Wednesday, November 18, 2015

The War

The war begins,
Blame and bullets spray.
Both sides broken, dying and still convinced of their righteous cause.
The martyrs cry "STOP!" from their graves, but no one hears their calls
The angry mob shields itself with the poor and the desolate- a shield of disposable lives.

The war continues fueled by the dropping of bombs and propaganda.

A light shines
A child walks into the fray-
Shot down.
To whom does he belong?

More children enter the field of battle, followed by their bleeding mothers.
They stand amidst the battle
They ask "Why?"
Everyone has an answer,a finger to point.
They are raging, burning for vengeance.

The war does not cease,
But the beloved walk toward the guns of their killers
Some fall, but some reach their targets.
They hold the faces creased with hatred and the cracks begin to show.

And now it is up to us
Will we drop our weapons?
Will we join the innocent and wash our bloody hands?

"There is no fear in love, for perfect love casts out fear."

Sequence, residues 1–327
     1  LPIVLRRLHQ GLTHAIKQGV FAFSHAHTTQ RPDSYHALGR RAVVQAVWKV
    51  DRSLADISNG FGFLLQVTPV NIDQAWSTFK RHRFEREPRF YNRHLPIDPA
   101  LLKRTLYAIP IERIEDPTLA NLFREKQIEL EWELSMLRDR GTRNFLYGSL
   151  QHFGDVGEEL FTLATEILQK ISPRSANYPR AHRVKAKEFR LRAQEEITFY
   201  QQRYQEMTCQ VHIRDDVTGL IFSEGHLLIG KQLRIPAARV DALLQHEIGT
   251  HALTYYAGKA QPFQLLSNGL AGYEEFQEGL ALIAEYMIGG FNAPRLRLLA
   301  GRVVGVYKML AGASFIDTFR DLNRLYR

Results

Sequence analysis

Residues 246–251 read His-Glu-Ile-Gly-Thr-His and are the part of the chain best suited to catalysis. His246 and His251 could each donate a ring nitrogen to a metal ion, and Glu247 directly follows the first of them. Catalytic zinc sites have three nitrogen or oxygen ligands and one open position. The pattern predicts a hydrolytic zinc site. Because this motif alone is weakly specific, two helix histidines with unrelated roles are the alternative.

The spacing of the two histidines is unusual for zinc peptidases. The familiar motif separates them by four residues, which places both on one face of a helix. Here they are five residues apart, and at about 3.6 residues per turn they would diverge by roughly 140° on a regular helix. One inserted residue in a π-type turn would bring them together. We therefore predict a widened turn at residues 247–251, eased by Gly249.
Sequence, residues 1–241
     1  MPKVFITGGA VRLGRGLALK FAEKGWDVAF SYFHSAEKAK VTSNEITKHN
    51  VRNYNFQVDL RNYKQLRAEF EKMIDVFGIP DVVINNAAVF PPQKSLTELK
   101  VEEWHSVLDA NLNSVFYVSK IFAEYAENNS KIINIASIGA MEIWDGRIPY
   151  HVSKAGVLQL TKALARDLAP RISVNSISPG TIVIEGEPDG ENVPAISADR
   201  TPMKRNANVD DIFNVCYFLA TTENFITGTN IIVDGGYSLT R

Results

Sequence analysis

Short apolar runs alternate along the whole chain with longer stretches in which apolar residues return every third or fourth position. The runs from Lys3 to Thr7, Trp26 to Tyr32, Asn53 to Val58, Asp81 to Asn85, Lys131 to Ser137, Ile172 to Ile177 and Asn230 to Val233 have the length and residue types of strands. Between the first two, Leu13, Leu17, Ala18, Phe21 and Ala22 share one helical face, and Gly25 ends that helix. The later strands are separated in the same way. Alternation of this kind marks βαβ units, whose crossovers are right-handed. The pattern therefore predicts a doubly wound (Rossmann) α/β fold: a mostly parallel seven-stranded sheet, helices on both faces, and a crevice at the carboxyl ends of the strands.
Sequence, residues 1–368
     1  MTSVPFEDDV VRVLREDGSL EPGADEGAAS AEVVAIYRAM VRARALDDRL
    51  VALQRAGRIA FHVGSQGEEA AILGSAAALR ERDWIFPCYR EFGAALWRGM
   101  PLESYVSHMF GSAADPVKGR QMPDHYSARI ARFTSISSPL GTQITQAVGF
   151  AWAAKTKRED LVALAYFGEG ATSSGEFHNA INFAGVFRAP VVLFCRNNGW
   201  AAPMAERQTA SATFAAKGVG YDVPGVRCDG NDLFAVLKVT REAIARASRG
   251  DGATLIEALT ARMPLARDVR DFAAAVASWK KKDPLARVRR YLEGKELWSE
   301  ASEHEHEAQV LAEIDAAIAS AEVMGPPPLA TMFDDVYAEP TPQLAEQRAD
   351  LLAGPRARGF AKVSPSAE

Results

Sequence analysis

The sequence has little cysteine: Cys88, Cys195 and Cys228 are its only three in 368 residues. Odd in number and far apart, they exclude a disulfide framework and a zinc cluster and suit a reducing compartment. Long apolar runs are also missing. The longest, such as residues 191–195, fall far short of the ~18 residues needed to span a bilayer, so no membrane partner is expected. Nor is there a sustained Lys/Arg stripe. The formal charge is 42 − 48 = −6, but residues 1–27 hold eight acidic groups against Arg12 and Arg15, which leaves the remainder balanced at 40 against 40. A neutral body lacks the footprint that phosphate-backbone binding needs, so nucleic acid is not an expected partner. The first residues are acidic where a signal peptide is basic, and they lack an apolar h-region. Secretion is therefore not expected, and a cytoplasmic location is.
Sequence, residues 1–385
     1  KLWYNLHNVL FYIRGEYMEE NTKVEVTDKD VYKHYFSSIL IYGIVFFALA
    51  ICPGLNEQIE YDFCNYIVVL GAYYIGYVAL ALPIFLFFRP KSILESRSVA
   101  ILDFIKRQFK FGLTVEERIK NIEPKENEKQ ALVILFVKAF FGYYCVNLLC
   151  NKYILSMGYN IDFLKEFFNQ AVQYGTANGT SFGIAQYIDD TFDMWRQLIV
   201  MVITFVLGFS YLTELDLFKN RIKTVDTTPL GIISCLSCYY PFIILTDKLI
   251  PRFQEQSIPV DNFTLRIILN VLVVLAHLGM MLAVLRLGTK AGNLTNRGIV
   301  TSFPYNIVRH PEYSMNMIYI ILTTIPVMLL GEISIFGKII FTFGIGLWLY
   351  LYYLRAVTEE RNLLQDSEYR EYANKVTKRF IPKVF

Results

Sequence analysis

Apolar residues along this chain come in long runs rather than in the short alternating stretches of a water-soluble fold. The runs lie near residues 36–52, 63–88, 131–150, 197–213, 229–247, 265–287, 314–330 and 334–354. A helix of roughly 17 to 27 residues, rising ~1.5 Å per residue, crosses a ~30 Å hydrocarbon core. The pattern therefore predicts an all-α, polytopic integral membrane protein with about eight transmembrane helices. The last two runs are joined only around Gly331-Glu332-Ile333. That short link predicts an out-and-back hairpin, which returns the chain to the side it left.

Sunday, February 22, 2015

Riding the Short Bus

"That's so retarded"


"The guy acts like he has Downs or something."


"I'm not smart like [him], you know, I was more like a short bus kind of kid..."

Deep breaths, just take deep breaths...

Words have so much power; power to heal or to destroy, to bring life or death. The words above are just a few of the very painful comments that I have noticed in the last couple of years.

People almost always love Cohen before they even get to know him. It's like one mischievous little grin in their direction and most people are goners. When they get the chance to know him beyond the "he's so happy all the time" phase, they find out how much he loves to play tricks on people, how fierce his love for his little sister is, that he can be incredibly naughty, that he is a crazy good wrestler for how tiny he is, and that he is fantastically strong-willed.

Cohen is a lot of things. He is not a joke.

"I'm so sorry, if I'd have know you had a kid like that I wouldn't have said anything."

It doesn't matter WHO you said it to!

Cohen has had to WORK hard for every skill he posses. He was two before he learned to walk, but every single day he endured difficult physical training so that he could build the muscle tone and the coordination he needed. And now, at three, he runs everywhere with his brothers and sister.

Cohen doesn't speak much yet, but every day he works through our speech therapy program and has an outside speech therapist once a week. It is difficult, but he keeps trying. Is that funny? Stupid? Retarded?

No, it's not. It's brave. It's strong. It's Amazing.

Being compared to this kid should be a complement, not a joke.